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The steel roof truss is one of structural engineering’s most important and iconic elements. Made of individual members with equal counteracting tensile and compressive forces, its purpose is designed to behave as a single object which carries/supports a load over a span. The arch, uses compression and directs applied forces along its members into the ground. The arch in a truss system is a wonder of engineering and allows for greater spans to be bridged. The demise of an arched truss system is the forces of tension; the longer the span the shallower the arched truss becomes, allowing the forces of tension to take over and causing the arch to struggle with supporting the applied loads. In order to prevent this, the arched truss system takes advantage of one of structural engineering’s most simple shapes, the triangle. A truss system design is comprised of 3 members, a top chord, a bottom chord and interior members called webbing or webs. These interior members combine to form a simple system of triangles creating equilibrium of forces within the truss system. This is possible because the triangle in itself is inherently a stable and rigid structure. Triangles are comprised of 3 elements, 2 side lateral elements and a single bottom horizontal element. When pinned/connected at the nodes of the triangles 3 elements, the triangle is capable of supporting a considerable amount of vertical load, and this is because the two side lateral elements go into compression, while the single bottom horizontal element goes into tension. The two forces counteract one another, essentially creating equilibrium at the point where load is applied. Forces are exerted on each member directed along the member into two joints/pins at the end of each member, referred to as nodes. These forces exerted by each member on the pins are equal and opposite.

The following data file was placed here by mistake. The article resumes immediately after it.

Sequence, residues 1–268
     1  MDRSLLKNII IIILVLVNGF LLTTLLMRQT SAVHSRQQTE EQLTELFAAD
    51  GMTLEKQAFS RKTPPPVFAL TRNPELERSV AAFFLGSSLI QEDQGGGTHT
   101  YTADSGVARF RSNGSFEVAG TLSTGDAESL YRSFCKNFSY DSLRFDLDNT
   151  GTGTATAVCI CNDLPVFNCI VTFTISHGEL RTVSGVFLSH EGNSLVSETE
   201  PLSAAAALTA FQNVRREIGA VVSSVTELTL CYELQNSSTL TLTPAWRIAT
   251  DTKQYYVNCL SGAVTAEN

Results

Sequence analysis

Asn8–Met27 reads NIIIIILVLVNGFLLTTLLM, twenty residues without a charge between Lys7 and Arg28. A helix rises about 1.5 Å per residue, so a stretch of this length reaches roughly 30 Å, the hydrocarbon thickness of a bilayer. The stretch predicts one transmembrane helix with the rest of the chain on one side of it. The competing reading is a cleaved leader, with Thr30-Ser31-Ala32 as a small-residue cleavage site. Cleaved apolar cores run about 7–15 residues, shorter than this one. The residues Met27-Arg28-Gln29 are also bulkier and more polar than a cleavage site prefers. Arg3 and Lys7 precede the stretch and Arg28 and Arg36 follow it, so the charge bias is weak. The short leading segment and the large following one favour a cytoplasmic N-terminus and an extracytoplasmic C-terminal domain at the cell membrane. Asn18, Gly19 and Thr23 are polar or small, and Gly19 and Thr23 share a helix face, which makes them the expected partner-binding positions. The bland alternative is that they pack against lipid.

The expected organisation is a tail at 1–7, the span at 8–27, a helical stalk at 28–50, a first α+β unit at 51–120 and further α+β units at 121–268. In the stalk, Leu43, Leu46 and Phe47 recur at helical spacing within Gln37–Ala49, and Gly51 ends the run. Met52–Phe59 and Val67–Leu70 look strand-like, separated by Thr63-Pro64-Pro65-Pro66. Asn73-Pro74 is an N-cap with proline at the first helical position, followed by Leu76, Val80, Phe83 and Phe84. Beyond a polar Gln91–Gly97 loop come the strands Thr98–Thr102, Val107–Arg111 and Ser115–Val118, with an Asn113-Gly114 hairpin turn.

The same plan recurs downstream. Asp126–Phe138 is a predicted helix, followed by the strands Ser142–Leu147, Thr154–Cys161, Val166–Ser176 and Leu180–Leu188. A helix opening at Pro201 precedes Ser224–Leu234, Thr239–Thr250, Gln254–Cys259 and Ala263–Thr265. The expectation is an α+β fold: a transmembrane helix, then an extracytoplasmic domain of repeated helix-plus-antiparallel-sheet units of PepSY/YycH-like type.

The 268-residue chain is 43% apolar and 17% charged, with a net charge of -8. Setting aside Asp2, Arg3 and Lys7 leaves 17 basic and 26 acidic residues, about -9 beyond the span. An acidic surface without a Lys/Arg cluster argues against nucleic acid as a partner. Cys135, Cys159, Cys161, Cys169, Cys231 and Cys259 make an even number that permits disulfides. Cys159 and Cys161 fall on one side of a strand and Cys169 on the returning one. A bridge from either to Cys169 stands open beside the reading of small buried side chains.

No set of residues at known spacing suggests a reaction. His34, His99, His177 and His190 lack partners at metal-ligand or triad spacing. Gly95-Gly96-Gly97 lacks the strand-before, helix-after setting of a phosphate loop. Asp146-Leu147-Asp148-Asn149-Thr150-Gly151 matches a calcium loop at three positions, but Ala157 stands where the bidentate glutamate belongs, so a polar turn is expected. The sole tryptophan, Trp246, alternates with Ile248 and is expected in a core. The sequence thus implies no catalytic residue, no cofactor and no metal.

The arched or curved truss can be traced back to French engineer Gustave Eiffel and his bridge design in Porto, Portugal over the Douro River. At the time of construction in 1877, the Ponte Dona Maria Bridge was the largest single arch truss span in the world. Today the longest single continuous arch truss span in the world resides in Dallas, TX at The Dallas Cowboys’ AT&T Stadium designed by architect Bryan Trubey. Bryan borrowed the engineering in the curved steel roof truss design directly from Gustave Eiffel’s Ponte Dona Maria Bridge. The two massive arched steel trusses that span the entire length of AT&T stadium at 1,400ft, allow the stadium’s 104,000,000 cubic feet of interior space to be column free while supporting a domed roof equivalent to the weight of 99 Boeing 777s. While a majority of earlier arched trusses are segmented, meaning they do not use curved or rolled steel in their construction design, a vast majority of today’s curved roof trusses do use curved or rolled steel as their top and bottom chords. In today’s world where architects are ever pushing the complexity of their designs and reinforcing the use of architecturally exposed structural steel (AESS), the aesthetic appeal of using curved members is becoming more and more prevalent in truss roof construction.
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